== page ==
Furthermore, sharing a treaty can let both countries have the high cost-sharing; (Diar, 2008) yet can improve the economics of the country (War, 2011). To conclude this, a multinational treaty would be exceptionally beneficial in resolving water arguments as well as reducing animosity and tension between countries. As, 97. 5percent of water on the earth is seawater (Arthurtonet al. , n. d. ), desalination of seawater is one of the long term solutions for water scarcity (Medalla, 2009). Desalination means remove salt from seawater.

Desalinisation is explained as filtering salty water through chemical membranes filters and removing the salt through electro dialysis and reverse osmosis leaving only fresh water as end product. In the Middle East and North Africa, about 130 nations have already worked by this procedure. However, the desalinization process has become much more practical for city areas and reverse-osmosis systems have attained significant enhancements recently. Arrandale shows globally implementing simple water recycling and filtration systems would be a relatively easy task that would reap outstanding benefits.

Making these global advancements would be an economically viable and environmentally friendly sustainable green step in the right direction towards the reduction of global water scarcity (Schwikert, Hall, & Jen, n. d. ). If compared with ten years ago, the cost of desalination has considerably lowered; this shows that making this type of solution is now more practicable. The desalination industry has also undergone other positive developments and technological advancement in capacity and filtration that have reduced general operating costs (Medalla, 2009). In conclusion, the problem of water scarcity is growing.

As more demand is made on limited supplies, the effort and cost to develop or even sustain access to water will rise (“Water scarcity: The”, n. d. ). Indeed, solution for water scarcity is a necessity which has been mentioned, such as water sharing treaties, environmentally opposed desalination solutions, and government’s rules, regulations and plans. Apart from corporation, agencies, and government’s efforts, everyone can contribute too. Every small thing makes a difference for the world. Furthermore, people can just buy only fair-trade products, only organics, only sustainably certified seafood, wood and paper (Caldecott, 2008).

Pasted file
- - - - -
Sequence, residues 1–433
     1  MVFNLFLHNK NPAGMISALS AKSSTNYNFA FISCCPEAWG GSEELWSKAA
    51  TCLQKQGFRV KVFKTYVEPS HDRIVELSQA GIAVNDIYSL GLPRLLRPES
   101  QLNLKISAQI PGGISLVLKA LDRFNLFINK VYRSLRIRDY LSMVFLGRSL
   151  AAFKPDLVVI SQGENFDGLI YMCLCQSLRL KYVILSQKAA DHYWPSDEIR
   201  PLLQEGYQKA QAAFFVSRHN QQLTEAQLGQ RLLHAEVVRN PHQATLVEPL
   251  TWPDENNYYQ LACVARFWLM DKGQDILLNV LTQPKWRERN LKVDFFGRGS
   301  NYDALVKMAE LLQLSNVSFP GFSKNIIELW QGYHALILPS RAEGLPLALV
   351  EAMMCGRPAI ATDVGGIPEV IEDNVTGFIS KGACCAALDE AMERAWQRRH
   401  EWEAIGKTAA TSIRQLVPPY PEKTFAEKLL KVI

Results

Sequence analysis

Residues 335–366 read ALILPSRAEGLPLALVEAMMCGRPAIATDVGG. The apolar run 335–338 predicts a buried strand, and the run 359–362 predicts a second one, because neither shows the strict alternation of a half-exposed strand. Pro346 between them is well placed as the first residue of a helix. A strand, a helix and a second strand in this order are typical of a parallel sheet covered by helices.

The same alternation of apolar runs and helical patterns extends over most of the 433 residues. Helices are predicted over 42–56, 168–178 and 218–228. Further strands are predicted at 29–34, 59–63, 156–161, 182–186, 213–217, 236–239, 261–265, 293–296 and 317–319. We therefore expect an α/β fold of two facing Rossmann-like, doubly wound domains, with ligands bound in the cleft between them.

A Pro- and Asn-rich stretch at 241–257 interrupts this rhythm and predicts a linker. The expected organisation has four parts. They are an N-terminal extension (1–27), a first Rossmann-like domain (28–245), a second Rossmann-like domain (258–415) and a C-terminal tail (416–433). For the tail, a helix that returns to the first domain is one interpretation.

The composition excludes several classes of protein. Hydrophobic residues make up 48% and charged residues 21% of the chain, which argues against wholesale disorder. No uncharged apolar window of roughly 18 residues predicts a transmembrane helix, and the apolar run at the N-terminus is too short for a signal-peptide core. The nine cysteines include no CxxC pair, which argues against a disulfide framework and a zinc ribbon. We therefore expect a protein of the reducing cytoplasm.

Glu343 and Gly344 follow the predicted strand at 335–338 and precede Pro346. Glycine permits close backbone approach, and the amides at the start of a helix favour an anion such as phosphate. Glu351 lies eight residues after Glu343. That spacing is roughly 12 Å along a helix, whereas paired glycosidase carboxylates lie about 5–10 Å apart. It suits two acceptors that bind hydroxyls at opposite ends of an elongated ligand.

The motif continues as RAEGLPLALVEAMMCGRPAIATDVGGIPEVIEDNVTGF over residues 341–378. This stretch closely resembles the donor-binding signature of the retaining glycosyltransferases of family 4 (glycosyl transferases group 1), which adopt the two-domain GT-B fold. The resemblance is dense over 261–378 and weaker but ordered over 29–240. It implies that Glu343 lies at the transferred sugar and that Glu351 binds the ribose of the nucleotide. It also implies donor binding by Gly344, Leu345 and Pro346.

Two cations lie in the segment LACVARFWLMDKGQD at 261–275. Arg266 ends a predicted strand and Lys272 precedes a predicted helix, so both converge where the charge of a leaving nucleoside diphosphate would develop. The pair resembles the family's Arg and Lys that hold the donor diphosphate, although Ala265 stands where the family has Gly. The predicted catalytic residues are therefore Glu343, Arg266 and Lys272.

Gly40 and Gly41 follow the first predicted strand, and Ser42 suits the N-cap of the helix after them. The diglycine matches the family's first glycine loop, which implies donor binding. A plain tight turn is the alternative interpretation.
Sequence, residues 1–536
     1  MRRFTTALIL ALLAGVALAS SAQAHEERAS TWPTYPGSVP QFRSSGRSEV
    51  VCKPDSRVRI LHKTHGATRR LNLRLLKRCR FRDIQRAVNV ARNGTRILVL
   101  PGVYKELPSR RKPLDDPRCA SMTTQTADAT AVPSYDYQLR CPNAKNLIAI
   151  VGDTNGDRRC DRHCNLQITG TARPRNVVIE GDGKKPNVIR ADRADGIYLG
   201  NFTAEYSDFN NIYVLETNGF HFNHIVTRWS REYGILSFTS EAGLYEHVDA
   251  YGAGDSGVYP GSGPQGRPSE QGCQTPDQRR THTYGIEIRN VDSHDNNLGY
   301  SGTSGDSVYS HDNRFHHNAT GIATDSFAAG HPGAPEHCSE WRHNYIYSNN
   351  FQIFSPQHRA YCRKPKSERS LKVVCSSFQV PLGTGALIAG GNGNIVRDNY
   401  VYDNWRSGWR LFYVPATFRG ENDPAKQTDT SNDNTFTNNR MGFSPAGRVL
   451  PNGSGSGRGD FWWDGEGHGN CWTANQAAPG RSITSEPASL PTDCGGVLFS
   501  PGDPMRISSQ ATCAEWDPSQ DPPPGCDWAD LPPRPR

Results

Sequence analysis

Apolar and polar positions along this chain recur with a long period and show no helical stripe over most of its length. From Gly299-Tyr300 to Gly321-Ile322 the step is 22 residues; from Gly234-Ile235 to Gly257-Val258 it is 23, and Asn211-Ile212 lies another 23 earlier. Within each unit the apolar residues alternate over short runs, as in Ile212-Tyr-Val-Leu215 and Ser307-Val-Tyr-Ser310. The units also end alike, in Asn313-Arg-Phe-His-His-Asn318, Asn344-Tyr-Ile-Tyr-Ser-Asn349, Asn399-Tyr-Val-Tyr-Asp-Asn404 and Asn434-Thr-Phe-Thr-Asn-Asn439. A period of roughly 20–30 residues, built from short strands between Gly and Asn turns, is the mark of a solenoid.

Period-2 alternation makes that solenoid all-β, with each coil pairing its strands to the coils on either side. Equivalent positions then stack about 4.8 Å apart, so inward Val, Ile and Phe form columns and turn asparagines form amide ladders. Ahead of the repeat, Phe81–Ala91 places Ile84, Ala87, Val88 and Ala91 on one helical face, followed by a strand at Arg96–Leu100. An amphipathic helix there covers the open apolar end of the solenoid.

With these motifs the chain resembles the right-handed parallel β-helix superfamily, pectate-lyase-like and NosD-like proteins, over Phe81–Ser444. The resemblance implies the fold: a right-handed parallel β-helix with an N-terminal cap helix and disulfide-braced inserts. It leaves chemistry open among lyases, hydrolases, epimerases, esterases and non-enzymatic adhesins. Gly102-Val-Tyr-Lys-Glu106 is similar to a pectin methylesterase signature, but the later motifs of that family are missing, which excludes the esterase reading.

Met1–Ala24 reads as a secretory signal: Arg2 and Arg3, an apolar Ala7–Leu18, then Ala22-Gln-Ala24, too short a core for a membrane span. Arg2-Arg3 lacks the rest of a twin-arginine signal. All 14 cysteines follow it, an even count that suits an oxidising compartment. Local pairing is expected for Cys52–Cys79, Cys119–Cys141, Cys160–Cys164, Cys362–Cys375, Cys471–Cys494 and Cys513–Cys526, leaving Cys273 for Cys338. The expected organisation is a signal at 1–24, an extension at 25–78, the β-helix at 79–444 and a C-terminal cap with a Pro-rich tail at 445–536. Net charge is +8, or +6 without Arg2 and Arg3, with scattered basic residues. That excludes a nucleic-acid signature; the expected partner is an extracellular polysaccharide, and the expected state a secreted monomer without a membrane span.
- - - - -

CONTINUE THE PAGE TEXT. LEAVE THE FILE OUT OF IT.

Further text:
The next generations deserve a better future! References Arizona Department of Water Resource (n. d. ). Securing Arizona’s water future. Retrieved from http://www. azwater. gov/AzDWR/WaterManagement/documents/Groundwater_Code. pdf Arthurton, R. , Barker, S. , Rast, W. , Huber, M. , Alder, J. , Chilton, J. , ... Wagne, G. (n. d. ). Water. Retrieved from http://www. unep. org/geo/geo4/report/04_water. pdf Caldecott, J. (2008). Water. The causes, costs and future of a global crisis. (2nd ed. ) London, Virgin Books. Climate institute. (n. d. ). Water. Retrieved from http://www. climate. org/topics/water. tml Dinar, S. (2008). Treaty principles and patterns: Negotiations over international rivers. Benefits and costs and/or under economic asymmetry. (6. 1. 2. 2. 4). Retrieved from http://books. google. com. my/books? id=zSvObjuN8wYC&pg=PA229&lpg=PA229&dq=benefits+of+%22Water+Sharing+Treaty%22+cost+sharing&source=bl&ots=_pdTyaOsbd&sig=0S7DAmeJ-c9f0hzkEDlu3aLdOUo&hl=en&ei=ZgyoTrCSLKje4QTOhvDcDw&sa=X&oi=book_result&ct=result&resnum=2&ved=0CCAQ6AEwAQ#v=onepage&q=benefits%20of%20%22Water%20Sharing%20Treaty%22%20cost%20sharing&f=false Edwin, S. 2010). The various causes of water scarcity in the world. Retrieved from http://www. saching. com/Articles/The-Various-Causes-of-Water-Scarcity-in-the-World-254. html Environmentalist on Water Conservation. (2010). Retrieved from http://thegreatvixen. weebly. com/water-conservation. html FOA. (n. d. ) Water & poverty, an issue of life & livelihoods. Retrieved from http://www. fao. org/nr/water/issues/scarcity. html Frank A. Ward. (2011). Presentation from the 2011World Water Week in Stockholm [Power Point slides]. Retrieved from http://www. worldwaterweek. rg/documents/WWW_PDF/2011/Monday/K24/Hydroeconomic-Modelling-in-Basins/Hydroeconomic-Modeling-in-Basins-Practice-Challenges-and-Reward. pdf Geoffrey, L. (2009). Water scarcity now bigger threat than financial crisis. Retrieved from http://www. independent. co. uk/environment/climate-change/water-scarcity-now-bigger-threat-than-financial-crisis-1645358. html Gleick, P. H. (n. d. ). Making every drop count. Retrieved from http://web. macam. ac. il/~arnon/Int-ME/water/MAKING%20EVERY%20DROP%20COUNT. htm Global Water Shortage Looms In New Century (n. d. ). Retrieved from http://ag. arizona. edu/AZWATER/awr/dec99/Feature2. tm King, B. (2010). Scarcity of water. Retrieved from http://www. greeniacs. com/GreeniacsArticles/Water/Scarcity-of-Water. html Krechowicz, D. ,Venugopal, S. , Sauer, A. , Somani, S. , & Pandey, S. (2010). Weeding Risk: Financial Impacts of Climate Change and Water Scarcity on Asia’s Food and Beverage Sector. Retrieved from http://www. wri. org/publication/weeding-risk-asia Medalla, E. (2009). Hatch: Desalination is the solution for water scarcity in the north. Retrieved from http://www. bnamericas. com/news/waterandwaste/Hatch:_Desalination_is_the_solution_for_water_scarcity_in_the_north